The Chesterton Society and Having It Made

There is a club I’ve never attended and it takes place under my own roof while I’m sleeping upstairs. It’s the Chesterton Society, and I think I love it, even though I’ll never be a member.

Through other people’s shrewd behind-the-scenes maneuvering, this fall J became the leader of a Chesterton Society of Catholic men who meet, sometimes in our living room or at our fire pit, sometimes at one member’s downtown restaurant. The club’s goals and identity are still evolving, but it seems to center around Catholicism, the life of the mind, manliness, beer and meat. I like to think G.K. Chesterton, for whom the group is named, and who I discovered, like most people, through a college obsession with C. S. Lewis, would approve.

The group is Catholic men, some still in college, some as old as my father. There are married men and unmarried men, Catholic fathers with children of all ages. There’s a professor, a missionary, a restauranteur, an insurance man, and others who drift through the house with their books, their tobacco pipes. This club is their story, not mine, to tell, and yet — the comment of one of its members, whose wife is a dear friend, really struck me.

He said that the group is special for him because there aren’t a lot of opportunities for Catholic husbands and fathers to hang out and see how other people are doing it. This group provides that for him, one late, late evening a month.

Certainly stay-at-home motherhood is often seen as lonely work, and that’s absolutely true, when your coworker is a four-year-old who chews up his toothbrush during nap time. But on the other hand, I think of all the riches of companionship I’ve found, especially since moving here to Virginia: friends from church, some with children much older, one just starting out on her first pregnancy, some of us cradle Catholics, some converts and reverts. These are people I can text during a kid’s meltdown, who watch my kids when I run to confession, who talk about the nuts and bolts of marriage as our kids slug each other on the playground.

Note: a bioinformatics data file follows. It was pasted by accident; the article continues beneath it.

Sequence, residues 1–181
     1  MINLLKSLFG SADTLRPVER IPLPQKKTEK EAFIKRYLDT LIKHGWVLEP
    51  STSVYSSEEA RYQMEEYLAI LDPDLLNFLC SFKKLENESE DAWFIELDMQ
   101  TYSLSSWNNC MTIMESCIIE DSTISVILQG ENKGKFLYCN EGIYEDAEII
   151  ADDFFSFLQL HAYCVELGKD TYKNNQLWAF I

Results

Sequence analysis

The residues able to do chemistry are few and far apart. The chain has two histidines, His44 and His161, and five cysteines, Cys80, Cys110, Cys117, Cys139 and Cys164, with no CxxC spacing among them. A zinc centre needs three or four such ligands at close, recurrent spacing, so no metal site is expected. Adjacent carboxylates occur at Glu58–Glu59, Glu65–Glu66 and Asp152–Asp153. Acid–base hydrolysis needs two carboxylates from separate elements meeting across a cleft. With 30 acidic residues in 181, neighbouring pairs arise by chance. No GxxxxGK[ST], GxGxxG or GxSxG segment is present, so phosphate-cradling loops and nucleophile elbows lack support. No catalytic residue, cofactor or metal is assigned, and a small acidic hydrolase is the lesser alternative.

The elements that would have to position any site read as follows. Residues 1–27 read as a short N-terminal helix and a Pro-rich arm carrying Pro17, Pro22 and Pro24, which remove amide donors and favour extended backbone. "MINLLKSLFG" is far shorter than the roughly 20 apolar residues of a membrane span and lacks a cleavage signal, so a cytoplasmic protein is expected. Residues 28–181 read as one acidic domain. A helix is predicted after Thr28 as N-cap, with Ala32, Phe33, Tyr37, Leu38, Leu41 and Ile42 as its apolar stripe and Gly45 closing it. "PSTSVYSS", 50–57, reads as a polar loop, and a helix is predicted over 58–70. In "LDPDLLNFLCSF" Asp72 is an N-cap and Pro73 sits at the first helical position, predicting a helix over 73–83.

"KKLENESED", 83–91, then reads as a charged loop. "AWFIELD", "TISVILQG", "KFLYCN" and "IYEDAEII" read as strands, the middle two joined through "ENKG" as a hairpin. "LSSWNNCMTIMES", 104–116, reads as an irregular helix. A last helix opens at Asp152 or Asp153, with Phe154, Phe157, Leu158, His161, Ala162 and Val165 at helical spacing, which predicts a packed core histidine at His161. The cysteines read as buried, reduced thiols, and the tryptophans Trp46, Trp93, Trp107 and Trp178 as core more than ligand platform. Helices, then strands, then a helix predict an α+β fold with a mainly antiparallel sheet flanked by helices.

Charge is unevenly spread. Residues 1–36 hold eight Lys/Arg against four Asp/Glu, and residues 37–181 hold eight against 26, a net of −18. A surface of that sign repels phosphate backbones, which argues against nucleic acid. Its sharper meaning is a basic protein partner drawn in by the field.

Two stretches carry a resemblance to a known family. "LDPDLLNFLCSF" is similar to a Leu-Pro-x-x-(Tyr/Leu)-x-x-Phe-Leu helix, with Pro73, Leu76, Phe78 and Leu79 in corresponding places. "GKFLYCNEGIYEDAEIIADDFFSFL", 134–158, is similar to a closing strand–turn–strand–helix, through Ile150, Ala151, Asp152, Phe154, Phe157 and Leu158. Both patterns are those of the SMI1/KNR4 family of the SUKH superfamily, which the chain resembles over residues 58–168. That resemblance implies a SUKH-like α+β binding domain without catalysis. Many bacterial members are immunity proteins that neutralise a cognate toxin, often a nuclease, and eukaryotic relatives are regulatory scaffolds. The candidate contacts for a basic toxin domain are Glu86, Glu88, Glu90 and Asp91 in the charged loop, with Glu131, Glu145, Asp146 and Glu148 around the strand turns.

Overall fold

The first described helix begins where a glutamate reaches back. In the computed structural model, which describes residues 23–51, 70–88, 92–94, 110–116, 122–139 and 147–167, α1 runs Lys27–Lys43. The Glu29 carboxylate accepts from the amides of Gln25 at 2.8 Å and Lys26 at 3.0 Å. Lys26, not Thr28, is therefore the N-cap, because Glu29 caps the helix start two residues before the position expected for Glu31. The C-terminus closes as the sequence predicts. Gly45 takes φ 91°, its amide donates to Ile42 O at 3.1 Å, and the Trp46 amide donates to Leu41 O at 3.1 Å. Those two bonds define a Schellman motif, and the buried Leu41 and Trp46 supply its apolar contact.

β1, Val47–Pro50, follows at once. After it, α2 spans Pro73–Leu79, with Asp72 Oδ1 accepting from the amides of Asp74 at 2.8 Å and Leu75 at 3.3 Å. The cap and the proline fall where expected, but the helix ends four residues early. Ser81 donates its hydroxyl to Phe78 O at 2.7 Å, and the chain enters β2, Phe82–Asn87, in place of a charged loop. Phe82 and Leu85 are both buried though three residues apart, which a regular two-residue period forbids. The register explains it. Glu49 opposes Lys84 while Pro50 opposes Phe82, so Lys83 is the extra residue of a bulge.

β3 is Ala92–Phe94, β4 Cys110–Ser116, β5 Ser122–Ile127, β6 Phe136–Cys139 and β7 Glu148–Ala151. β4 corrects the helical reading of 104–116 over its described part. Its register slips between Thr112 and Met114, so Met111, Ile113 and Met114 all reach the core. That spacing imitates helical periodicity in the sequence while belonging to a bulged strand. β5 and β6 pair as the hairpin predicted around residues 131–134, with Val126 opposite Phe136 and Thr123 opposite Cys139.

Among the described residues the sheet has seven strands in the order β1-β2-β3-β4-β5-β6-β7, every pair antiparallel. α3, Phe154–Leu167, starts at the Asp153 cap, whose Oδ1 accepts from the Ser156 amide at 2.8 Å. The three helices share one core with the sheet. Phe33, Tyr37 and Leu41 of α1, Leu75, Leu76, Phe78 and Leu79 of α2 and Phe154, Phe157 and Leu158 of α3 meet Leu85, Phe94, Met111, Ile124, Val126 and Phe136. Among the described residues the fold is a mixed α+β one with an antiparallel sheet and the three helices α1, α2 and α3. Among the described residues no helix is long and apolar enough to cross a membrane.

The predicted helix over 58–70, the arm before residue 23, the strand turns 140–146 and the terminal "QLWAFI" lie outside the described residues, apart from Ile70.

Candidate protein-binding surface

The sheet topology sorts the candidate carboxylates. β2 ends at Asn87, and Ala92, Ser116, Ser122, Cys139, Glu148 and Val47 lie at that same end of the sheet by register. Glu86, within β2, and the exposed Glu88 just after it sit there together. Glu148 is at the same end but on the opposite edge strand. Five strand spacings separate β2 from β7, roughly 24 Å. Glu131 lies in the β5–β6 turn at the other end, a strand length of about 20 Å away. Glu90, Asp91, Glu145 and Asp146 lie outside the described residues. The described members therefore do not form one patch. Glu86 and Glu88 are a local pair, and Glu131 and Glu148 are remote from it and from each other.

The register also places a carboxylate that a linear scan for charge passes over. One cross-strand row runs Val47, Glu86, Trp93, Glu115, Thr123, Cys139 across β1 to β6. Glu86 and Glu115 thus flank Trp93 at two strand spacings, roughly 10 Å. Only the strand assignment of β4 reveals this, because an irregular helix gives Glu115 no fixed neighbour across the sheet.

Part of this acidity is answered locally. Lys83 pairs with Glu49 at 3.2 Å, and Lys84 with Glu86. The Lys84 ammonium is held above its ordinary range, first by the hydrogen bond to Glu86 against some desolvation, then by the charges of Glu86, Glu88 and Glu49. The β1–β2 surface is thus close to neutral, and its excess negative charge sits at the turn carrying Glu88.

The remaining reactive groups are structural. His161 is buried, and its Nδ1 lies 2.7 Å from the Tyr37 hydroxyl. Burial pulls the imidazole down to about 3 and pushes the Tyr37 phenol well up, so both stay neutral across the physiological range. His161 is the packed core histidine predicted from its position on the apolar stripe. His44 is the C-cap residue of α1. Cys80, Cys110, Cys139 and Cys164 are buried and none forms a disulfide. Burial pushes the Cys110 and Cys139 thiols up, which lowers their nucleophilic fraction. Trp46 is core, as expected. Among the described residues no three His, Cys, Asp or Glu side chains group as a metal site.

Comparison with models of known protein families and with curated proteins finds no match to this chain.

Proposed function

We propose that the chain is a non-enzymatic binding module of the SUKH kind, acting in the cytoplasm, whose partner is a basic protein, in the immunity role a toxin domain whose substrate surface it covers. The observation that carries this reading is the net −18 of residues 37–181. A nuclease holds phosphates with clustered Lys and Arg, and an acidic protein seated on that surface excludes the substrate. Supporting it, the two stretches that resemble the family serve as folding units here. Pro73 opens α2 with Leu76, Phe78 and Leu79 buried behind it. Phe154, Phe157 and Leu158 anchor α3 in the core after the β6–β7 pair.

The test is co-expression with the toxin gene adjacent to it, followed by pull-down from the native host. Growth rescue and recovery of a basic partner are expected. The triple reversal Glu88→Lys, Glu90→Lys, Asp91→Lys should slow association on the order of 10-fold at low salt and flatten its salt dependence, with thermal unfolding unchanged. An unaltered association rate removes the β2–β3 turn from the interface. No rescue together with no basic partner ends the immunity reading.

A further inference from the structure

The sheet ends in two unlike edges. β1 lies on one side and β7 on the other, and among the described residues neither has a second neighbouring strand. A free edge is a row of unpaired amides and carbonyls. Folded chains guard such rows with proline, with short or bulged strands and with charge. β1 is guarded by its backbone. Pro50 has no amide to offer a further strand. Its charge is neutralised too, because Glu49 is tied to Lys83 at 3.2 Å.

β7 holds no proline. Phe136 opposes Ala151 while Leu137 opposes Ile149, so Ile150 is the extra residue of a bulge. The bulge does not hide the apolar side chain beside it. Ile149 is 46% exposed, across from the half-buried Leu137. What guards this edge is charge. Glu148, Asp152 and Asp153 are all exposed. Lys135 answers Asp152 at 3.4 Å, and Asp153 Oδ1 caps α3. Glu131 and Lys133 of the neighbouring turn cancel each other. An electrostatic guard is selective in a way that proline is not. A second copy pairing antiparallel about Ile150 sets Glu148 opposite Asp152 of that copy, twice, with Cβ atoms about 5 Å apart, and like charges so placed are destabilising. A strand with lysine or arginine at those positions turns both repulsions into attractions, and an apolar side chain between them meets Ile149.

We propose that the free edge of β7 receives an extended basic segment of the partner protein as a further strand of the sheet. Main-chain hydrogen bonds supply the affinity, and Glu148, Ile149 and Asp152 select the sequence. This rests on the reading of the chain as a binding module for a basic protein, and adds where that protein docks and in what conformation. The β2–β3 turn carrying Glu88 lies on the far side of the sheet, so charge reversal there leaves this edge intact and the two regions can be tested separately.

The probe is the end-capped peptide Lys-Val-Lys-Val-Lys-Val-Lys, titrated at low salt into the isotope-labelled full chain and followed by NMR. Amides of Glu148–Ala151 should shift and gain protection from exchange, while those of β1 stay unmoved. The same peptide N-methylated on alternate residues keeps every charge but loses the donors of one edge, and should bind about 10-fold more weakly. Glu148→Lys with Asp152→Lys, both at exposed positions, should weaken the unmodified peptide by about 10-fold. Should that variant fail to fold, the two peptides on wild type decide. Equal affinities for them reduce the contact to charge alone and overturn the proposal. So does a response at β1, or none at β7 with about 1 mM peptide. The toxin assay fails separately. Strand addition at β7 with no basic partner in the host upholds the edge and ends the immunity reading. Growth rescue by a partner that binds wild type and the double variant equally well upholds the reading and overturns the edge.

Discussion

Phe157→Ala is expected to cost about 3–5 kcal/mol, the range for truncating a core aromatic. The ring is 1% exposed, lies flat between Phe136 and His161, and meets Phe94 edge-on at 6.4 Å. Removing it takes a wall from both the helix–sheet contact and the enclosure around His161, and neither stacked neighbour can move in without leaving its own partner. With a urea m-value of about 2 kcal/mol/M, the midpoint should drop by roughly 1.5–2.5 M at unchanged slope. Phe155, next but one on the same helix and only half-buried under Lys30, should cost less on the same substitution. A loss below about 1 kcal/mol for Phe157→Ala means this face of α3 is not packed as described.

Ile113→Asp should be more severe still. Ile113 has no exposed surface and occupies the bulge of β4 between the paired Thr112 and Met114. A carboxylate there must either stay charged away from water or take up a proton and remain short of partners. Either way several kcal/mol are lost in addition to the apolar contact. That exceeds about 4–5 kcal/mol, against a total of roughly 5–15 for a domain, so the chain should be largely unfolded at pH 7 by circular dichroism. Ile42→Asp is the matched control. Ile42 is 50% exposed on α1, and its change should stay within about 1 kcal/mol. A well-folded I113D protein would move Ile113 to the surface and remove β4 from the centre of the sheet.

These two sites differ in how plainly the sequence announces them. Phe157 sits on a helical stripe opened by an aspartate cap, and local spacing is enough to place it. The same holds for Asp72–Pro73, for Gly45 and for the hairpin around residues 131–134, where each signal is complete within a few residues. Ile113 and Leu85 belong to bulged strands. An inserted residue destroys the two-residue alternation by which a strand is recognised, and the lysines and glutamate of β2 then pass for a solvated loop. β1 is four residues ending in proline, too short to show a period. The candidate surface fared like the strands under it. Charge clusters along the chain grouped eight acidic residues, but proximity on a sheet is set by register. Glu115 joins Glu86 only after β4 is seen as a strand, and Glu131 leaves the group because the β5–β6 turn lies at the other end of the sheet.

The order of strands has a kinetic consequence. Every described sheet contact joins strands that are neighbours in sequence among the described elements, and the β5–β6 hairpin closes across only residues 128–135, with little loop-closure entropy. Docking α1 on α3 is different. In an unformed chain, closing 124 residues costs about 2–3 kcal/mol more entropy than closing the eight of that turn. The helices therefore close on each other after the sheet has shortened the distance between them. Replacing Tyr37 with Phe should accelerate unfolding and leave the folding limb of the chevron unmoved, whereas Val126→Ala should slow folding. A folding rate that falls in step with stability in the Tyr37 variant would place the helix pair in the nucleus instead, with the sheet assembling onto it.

There’s also the Internet, of course. Catholic mom blogs are a thing (though I’m not sure I’d go so far as to say mine is), but I haven’t run across more than a handful of sites speaking to the Catholic man’s domestic experience. So my husband has the comfort of a department of comrades who love his subject as much as he does, and I’m reasonably certain none of them are prone to chewing up toothbrushes (at least during work hours). But he encounters many fewer opportunities throughout his day to think about his vocation as a husband and father in the context of community, and I have to admit that’s a real poverty, even on my most trying days as a stay-at-home parent.

The American Chesterton Society considers itself a contributor to the “revival of common sense, laughter, beauty, faith, and other good things.” So even if it leaves beer bottles on my kitchen counters, that kind of community seems like something worth building.

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Here’s to you, G.K.

On Moving

A partial list of things about which I am capable of feeling guilty:

  • entering a restaurant within 30 minutes of closing time
  • never making pie crust, and never making pie at all if it can be avoided
  • those face wipe things which I secretly love but find inexcusably wasteful
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Big belly, backyard strawberries, late June

So it’s no surprise I feel way guilty about moving. We’ve lucked upon the dearest little slice of suburbia imaginable, and I will miss it terribly.

We have loved this backyard like no other place I’ve ever lived. Part of it is Pippin’s age — it makes getting outside imperative — but so much is the beautiful place we’ve found ourselves. We have the best view in a pretty neighborhood, and situated on the top of a hill, the mosquitos are beat back by the same winds that whistle cruelly through the house in winter.

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After six years of basement living, we have a lovely, light-filled space. We could really expand, and with the arrival of first Scout and then my in-laws’ U-Haul of hand-me-down furniture, we did, joyously.

And our neighbors — well, I’ve gushed about them before. They’ve been dear presences at birthday parties and blizzards, Christmas and the baptism. People stop to talk to us in the neighborhood, and we can walk (if I can bear the hills), to a little park not far away. We told one set of neighbors about the move over a home cooked dinner; we told the others when we went to pick up Bonnie after they’d watched her for us. Both times made me feel queasy.

The truth is, this house isn’t perfect, though, and after some soul-searching, we didn’t consider it, even though it’s technically up for sale. It’s drafty, and carpeted, and most importantly, we just don’t see ourselves living forever as a one-car family this far out of town. So we found a little Craftsman in the city limits we love, and we’re in the process of some very scary financial stuff I only vaguely understand, and every time I look out our bedroom window at That View, I’m heartbroken all over again.